Toyota was fastest in the FIA WEC prologue. Sébastien Buemi didn't win a Formula E race, a race that was spectacular. Jonathan Rea didn't win both Superbike races at Aragón. The top three in World Supersport were covered by 0.153 seconds and defending champion Kenan Sofuoglu was taken out in his first race back from injury. A former IndyCar driver won in Italy. Chad Reed didn't play nice in St. Louis. Neither did Austin Cindric. Nor did Ricky Stenhouse, Jr. It was a very naughty week for lapped traffic this weekend across many series. Here is a run down of what got me thinking.
Double Points Defender
"Pure means something to purists." The words of Hulman & Company CEO Mark Miles when interviewed on The Marshall Pruett Podcast and told by Robin Miller that IndyCar is the most pure form of motorsports.
It is an interesting line from Miles but it speaks to the situation facing IndyCar and every other form of motorsports in the world. "Pure means something to the purist" and like all missions to expand the congregation the missionaries aren't looking for purists. They already have the purists. The congregation expands with the pagans and hoping they see a light and follow its calling.
Miller's opposition to double points stems from the IndyCar championship coming down to the final race every year without needing any form of aid. Since 2005, the championship has come down to the finale by nothing but having at least one driver and sometimes more within grasp of the championship leader in someway. Drivers have entered covered by single digits, where one position is all that is needed to decide the champion and then there have been years where one guy needs to win and have the championship leader finish next to last.
Since 2014, IndyCar has had double points for the finale. In 2014, Fontana was the finale but the other 500-mile races at Indianapolis and Pocono were also double points. That changed in 2015 when Fontana moved to June but Indianapolis remained double points and the finale, which occurred at Sonoma, became double points and it stayed that way last season and continues for this year.
For the longest time, very few IndyCar races were paying the same points. Races didn't start paying the same points until the 1983 CART season. Before that, the USAC system paid points with the winner getting double the race mileage. Win the Indianapolis 500, get 1,000 points. Win the Hoosier Hundred, get 200 points. Second got 80% of the winner's points total with the point total descending by ten-percent until eighth where it descended by five-percent from seventh with 12th-place, the final position getting points, receiving five-percent of the winner's total.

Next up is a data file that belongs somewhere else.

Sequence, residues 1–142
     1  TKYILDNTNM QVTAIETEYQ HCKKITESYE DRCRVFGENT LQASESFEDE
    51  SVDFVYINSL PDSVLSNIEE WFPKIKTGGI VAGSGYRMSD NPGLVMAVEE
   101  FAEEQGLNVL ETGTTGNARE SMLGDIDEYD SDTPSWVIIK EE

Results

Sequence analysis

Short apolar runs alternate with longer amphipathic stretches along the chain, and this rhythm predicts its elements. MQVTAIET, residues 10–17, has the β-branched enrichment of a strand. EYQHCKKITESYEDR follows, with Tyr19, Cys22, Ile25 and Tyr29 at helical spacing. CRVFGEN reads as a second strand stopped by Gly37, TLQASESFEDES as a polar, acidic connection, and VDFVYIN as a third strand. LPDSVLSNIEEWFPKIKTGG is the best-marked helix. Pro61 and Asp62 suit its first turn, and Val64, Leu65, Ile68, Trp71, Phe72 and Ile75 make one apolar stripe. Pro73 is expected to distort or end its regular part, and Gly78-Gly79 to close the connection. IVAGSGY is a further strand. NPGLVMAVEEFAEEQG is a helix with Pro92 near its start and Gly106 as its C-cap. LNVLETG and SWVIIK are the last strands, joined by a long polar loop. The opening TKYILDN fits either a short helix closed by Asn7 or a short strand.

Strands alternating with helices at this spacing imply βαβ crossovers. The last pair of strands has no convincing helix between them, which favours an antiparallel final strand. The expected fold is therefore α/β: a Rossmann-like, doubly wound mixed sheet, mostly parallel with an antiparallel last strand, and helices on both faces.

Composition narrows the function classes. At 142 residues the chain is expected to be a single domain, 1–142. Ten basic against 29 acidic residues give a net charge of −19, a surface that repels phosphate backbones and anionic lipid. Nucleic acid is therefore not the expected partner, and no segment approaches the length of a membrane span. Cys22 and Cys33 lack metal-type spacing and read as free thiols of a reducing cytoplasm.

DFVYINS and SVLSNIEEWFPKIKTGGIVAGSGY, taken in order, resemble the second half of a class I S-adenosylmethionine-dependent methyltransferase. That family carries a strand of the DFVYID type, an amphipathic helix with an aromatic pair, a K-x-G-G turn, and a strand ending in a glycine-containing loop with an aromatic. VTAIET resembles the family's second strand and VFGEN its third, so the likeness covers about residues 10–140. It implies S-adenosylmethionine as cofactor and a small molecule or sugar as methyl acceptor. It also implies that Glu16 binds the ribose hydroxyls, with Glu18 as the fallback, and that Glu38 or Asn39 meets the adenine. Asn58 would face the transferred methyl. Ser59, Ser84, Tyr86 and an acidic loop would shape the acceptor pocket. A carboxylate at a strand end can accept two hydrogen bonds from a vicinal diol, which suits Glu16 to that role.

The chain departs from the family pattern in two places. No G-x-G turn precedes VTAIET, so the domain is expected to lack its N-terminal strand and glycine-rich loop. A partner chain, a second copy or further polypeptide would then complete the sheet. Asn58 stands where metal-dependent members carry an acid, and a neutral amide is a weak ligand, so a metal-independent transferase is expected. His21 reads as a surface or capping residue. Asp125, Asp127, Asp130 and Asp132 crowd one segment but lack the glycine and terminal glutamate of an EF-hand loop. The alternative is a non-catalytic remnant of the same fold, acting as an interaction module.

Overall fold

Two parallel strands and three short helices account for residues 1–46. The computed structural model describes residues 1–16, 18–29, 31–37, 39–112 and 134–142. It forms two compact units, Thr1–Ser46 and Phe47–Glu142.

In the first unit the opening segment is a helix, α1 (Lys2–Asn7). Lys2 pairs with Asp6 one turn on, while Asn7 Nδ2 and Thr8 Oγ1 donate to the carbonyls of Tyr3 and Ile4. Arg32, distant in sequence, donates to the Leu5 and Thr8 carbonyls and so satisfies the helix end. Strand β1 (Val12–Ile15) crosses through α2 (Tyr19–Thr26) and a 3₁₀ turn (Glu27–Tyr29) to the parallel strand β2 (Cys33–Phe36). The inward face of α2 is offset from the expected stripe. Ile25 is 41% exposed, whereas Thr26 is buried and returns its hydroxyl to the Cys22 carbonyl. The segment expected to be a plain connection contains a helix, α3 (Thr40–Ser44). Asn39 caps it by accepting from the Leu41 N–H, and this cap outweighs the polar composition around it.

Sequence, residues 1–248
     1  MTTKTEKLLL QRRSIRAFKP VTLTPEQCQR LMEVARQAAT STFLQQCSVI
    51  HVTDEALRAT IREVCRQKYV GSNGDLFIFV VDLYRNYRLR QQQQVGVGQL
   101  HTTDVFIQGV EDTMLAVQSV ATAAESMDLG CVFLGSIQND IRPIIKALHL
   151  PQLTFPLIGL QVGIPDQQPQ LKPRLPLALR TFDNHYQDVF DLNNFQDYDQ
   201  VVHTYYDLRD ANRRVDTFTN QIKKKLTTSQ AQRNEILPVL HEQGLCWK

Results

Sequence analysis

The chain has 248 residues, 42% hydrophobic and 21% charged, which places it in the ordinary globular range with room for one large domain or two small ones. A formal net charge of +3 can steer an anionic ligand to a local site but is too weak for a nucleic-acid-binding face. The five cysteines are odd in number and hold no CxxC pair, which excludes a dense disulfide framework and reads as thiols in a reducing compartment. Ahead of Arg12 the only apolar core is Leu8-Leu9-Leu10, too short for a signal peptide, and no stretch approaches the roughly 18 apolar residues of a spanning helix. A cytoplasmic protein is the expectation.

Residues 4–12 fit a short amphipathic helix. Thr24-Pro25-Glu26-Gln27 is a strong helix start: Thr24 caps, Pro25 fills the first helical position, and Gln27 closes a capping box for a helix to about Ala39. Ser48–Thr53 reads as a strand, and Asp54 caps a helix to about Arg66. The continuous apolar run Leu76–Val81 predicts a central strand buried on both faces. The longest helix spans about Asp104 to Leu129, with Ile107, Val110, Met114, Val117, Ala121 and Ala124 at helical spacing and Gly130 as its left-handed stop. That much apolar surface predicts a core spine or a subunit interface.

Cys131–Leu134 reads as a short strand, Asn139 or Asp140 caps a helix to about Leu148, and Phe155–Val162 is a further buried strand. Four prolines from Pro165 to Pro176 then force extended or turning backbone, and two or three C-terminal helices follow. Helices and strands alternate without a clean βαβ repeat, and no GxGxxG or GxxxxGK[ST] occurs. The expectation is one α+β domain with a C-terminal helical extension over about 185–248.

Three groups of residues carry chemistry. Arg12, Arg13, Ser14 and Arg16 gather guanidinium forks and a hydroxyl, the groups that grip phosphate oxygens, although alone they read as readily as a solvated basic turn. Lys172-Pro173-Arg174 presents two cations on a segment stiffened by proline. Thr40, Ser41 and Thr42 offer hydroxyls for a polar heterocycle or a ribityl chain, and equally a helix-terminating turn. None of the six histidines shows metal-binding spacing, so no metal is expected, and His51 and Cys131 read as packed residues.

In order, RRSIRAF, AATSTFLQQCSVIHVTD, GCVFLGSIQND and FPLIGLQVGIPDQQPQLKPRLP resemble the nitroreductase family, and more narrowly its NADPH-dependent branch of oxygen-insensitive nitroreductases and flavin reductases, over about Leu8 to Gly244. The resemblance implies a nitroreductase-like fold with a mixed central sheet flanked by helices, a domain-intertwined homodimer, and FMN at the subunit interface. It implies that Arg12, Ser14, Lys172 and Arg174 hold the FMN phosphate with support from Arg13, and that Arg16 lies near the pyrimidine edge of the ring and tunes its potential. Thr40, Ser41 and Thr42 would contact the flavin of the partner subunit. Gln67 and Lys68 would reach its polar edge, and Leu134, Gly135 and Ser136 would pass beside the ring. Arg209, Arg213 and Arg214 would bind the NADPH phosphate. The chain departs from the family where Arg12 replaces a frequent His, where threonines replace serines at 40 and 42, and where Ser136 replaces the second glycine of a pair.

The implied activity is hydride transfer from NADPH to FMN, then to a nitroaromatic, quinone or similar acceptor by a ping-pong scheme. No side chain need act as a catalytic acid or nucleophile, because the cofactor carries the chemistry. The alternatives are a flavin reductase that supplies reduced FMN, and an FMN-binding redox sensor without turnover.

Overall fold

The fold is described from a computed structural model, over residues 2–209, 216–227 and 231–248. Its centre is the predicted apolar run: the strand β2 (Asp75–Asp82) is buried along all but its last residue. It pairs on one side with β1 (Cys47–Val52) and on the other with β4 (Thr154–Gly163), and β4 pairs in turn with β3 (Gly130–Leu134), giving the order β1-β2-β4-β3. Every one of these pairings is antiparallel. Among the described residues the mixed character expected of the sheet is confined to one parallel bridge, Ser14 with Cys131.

The golden-era many, Miller included, beholds as IndyCar's gospel were when 75% of the races were worth one-fifth of the Indianapolis 500. Double points are nothing new and decrying it as erosion of IndyCar's dogma is absurd. Don't get me wrong, I would rather have every race worth the same amount of points and Indianapolis 500 qualifying not having its own separate points system and I would love people to fall in love with IndyCar and any form of motorsports and watch every race because each will be something new and unexpected and watch regardless if the top seven in the championship were covered by five points or the championship was locked up with five races remaining.
However, people need some stakes to watch. Some will always watch regardless because the race provides some comfort in their life but most need a greater picture and watching a race for the sake of watching a race isn't enough. All sports have a championship and it is what we all care about. If it is already decided, people are going to be less inclined to watch.
Some think double points are bad for IndyCar and waters down the championship but unlike the NASCAR Chase where the result of the finale is all that decides the champion; the IndyCar championship is still an aggregate of every race that comprises the championship. Do double points allow more in the fight? Perhaps but look at it this way, everyone is looking to get more involved. The Major League Baseball postseason expanded to have one additional wild card team five years ago. The NFL has been considering adding another wild card team the last few years. Even the NCAA Men's Basketball Tournament expanded to 68 teams in 2011.